CHICAGO — After nearly a two-month crusade to get City Hall to hire more black construction workers, it appears that the efforts of millionaire businessman Edward Gardner have paid off.
“We are making a commitment to not only increase opportunities for minority-owned firms, but also to diversify hiring by contractors who receive work from the city of Chicago,” Emanuel said in a statement. “Improving our infrastructure is a long-term investment in our city and improving opportunities for minority-owned firms is an investment in our communities.”
Gardner, founder of the former Soft Sheen Products Co., would like to see more done.
"I applaud the mayor for changing the way for how the Water Department does business but more changes are needed," Gardner said. "What about the Streets and Sanitation Department? That department is big on construction projects, too."
The 87-year-old entrepreneur met Thursday with Jamie Rhee, chief procurement officer for Chicago, and earlier this month he met with Emanuel to discuss what he said is a "lack of color in the construction industry."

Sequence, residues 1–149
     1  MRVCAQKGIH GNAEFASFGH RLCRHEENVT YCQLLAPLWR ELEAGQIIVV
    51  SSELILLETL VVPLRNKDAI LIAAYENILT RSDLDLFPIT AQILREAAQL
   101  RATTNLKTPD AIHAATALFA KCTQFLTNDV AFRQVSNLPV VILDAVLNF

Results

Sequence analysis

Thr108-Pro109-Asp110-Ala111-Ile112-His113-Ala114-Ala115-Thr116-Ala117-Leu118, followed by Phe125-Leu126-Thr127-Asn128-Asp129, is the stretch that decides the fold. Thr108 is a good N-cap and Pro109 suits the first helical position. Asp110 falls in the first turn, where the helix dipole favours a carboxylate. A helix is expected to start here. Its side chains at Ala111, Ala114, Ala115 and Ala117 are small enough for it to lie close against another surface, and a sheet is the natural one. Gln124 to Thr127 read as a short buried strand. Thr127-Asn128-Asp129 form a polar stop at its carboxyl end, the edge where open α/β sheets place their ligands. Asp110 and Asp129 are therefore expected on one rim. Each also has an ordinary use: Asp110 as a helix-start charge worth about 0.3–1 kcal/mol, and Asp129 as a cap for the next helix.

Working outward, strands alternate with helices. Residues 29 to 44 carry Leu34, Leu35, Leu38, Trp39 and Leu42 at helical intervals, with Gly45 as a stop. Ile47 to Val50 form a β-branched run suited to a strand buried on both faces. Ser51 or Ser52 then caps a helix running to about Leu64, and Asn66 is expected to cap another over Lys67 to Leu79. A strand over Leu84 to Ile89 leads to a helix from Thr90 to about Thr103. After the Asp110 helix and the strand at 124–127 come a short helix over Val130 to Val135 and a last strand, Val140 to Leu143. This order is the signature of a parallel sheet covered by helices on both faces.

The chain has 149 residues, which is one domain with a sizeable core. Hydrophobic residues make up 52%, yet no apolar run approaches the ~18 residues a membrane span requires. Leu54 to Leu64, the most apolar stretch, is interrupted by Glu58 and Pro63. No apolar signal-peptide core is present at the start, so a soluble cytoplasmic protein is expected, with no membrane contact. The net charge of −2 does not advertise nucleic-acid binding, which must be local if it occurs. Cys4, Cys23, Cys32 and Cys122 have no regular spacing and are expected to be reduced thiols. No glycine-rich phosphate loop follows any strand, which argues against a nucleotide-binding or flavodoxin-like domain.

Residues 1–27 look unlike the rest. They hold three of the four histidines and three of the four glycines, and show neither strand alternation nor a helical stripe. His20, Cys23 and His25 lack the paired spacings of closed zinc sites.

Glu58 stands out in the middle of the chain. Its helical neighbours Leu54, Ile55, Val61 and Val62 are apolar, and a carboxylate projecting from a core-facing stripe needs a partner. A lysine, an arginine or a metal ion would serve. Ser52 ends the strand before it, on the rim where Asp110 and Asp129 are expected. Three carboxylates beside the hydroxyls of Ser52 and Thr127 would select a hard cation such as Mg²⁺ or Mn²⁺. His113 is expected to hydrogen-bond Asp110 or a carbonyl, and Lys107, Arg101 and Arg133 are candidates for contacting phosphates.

The Department of Water Management will help make these changes by reducing the size of its geographical regions. The department says the change will give smaller minority firms with lower construction bonds a better shot at winning contracts.
"By reducing the scope and size of contracts, we are increasing the opportunities for minority-owned contractors who may not have the staff or equipment to successfully bid on contracts with larger responsibilities,” Water Management department Commissioner Thomas Powers said in a statement. "(In addition) the Department of Water Management will provide an initial payment of 10 percent before work begins to give contractors with limited access to capital another revenue source to purchase materials.”
And as an additional contract requirement, Powers said all contractors must organize job fairs in the communities in which the work is being done to provide neighborhood residents with the opportunity to be hired, and then report the results of the job fairs.